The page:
Dog owner thumbs nose at vet’s guidance

The dog who’s been ill for two weeks to the day is still alive — today.

No new poop picture of the day today. Not to sound flippant. No. Reason is I was away yesterday looking for a new place so don’t know whether he dumped on the floor. I presume so, have no reason to think otherwise. Big poops and diarrhea of a sickly dog have become the new norm.

Also, the house reeked of poop when I got back last night. The roommate  and owner, “John,” does a substandard job of cleaning it up and/or odor maintenance.

Which leads me to today’s topic.

The dog, Chance, was rushed to the emergency clinic Monday evening for severe and persistent gastrointestinal problems, including vomiting upon arrival.

Awaiting results of various tests.

In the meantime, they prescribed in writing a bland diet of chicken and rice (standard with GI problems) for a few days. If he tolerated that then gradually reintroduce his usual kibble.

John, as owner, handles the 1x/day evening feedings.

I anticipated returning to a kitchen brimming with rice and chicken — perhaps a whole fresh hot roasted one.

Not a grain in sight. Nor chicken save for the usual packaged chunks John uses for his lunches and dinners.


It gets worse.

John’s continuing to give Chance the VERY kibble the vets prescribed to discontinue for a spell!!!!

AND he’s continuing to give him packaged treats — a suspect in the dog’s GI downfall! Contrary not only to the vet’s advisement of rice & chicken only but our agreement to eliminate all treats for now.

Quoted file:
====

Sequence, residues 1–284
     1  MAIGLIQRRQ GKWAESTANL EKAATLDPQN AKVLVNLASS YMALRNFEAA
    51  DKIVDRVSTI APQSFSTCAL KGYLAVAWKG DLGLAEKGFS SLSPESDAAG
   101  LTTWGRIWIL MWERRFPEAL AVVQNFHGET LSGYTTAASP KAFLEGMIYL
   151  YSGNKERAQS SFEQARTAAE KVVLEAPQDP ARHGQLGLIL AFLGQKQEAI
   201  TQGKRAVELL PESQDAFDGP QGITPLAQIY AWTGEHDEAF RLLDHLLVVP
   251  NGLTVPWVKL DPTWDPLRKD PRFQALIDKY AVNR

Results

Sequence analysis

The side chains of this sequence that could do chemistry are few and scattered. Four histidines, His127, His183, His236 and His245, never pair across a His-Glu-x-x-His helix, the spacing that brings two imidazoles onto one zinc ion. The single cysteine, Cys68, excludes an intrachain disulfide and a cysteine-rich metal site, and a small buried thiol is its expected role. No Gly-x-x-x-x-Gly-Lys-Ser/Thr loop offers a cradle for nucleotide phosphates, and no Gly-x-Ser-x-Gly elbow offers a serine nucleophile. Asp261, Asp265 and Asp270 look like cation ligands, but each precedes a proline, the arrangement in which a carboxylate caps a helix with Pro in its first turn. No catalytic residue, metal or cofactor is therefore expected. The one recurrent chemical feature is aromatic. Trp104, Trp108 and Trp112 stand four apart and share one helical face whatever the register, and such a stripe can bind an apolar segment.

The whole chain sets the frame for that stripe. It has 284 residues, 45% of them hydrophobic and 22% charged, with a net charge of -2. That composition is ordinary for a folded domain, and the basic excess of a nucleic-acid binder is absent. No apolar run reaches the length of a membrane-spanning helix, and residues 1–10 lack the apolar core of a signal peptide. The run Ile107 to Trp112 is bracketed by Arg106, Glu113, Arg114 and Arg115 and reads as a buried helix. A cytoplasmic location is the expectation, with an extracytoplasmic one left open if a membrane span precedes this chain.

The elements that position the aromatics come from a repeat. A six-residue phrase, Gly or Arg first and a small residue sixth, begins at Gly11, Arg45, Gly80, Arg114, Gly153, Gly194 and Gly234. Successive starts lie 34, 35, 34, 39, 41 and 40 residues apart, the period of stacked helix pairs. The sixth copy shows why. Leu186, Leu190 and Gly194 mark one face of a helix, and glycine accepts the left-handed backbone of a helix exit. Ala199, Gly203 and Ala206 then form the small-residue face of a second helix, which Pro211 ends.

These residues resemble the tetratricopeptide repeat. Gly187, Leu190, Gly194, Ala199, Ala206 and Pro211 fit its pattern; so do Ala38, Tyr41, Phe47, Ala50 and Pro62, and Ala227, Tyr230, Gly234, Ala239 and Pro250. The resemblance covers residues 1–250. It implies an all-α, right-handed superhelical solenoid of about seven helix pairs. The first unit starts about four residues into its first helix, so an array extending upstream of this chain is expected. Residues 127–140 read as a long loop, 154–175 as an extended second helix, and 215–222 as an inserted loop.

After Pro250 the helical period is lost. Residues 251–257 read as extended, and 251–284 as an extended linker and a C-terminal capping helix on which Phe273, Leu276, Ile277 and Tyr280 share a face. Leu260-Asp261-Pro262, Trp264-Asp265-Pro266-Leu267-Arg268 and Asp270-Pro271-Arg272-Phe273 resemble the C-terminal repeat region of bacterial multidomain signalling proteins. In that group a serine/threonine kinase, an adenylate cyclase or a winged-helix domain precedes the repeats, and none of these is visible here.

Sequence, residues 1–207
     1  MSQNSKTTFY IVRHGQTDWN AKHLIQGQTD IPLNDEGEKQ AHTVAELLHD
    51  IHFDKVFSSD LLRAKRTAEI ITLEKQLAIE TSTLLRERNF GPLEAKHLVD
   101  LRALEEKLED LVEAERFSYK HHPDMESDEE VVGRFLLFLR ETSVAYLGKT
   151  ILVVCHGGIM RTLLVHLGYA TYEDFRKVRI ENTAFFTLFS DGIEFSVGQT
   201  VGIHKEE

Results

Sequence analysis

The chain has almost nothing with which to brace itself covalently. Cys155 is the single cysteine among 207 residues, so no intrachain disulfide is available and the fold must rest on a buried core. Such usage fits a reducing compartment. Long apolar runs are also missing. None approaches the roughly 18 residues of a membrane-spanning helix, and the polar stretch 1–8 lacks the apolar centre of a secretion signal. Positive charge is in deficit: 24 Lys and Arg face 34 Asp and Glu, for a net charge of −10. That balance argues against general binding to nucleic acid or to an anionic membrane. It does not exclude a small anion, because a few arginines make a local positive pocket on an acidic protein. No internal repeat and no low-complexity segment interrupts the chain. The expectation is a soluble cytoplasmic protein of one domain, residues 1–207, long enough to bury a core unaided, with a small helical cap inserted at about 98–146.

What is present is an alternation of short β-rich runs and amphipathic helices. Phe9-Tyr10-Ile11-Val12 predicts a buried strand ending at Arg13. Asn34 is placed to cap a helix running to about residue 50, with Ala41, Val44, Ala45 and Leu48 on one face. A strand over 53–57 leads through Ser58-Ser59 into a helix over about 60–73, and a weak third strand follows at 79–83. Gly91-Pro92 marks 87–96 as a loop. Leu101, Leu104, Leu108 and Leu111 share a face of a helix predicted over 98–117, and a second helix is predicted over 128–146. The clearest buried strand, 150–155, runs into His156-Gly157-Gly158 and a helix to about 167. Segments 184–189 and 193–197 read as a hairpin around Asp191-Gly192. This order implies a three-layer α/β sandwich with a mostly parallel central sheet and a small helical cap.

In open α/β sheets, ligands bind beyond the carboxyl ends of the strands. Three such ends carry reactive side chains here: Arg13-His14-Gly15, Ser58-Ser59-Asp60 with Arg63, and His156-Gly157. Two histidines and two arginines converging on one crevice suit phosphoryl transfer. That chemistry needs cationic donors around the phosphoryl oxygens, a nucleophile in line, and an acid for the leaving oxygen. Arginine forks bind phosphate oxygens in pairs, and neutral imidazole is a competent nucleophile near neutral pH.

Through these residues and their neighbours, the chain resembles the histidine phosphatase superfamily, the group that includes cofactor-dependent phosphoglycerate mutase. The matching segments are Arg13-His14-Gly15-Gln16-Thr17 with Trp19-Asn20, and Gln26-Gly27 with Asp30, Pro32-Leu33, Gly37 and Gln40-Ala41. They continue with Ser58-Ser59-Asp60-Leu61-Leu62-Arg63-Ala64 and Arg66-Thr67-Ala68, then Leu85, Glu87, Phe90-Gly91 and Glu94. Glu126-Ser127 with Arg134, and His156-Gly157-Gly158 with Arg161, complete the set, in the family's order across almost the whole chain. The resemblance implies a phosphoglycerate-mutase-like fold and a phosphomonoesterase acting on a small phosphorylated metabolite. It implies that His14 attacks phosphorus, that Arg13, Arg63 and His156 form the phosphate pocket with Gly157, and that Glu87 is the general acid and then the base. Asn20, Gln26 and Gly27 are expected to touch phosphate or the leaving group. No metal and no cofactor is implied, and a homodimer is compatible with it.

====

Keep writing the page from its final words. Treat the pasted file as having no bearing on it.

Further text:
The disregard, disrespect and dismissiveness John’s shown and continues to show even as his dog is down and out — yet still alive today somehow — I’m a bomb exploding on the inside.

I don’t wish the dog to die.

Yet his suffering and demise make me feel that his passing to the other side is better than the long slow death promised by the owner in his continued and WILLING negligence and neglect.

Really. I’m rabidly angry. Bombs exploding inside me now and every day that this continues — 2 weeks now and growing.

My life revolves around: (1) caring for the dog the best I can under constrained circumstances and (2) not being around John.

I go to extreme lengths to assure I’m not here when he is. I leave before he returns from work and I return late at night only when he’s asleep.

Our paths haven’t crossed in 4 days. I’d make it 44 and more if I could. Eventually they must and will cross — for no other reason than I’ll be moving me and my stuff out soon as I secure new digs.

My heart pours out to this animal.

My revulsion toward John — a friend until his dog’s sickness revealed a new side — pounds with the power of a heartbeat.

This newest discovery — that he’s completely disregarded the vet’s (appropriate) advice for the dog’s food and instead continued TO DO WHAT HE WANTS and SEE FITS … “cavalier attitude” hardly describes it.

It’s cruelty. Benign concealed cruelty.

Which is worse than direct upfront cruelty With that, you’ve got a chance to fight back.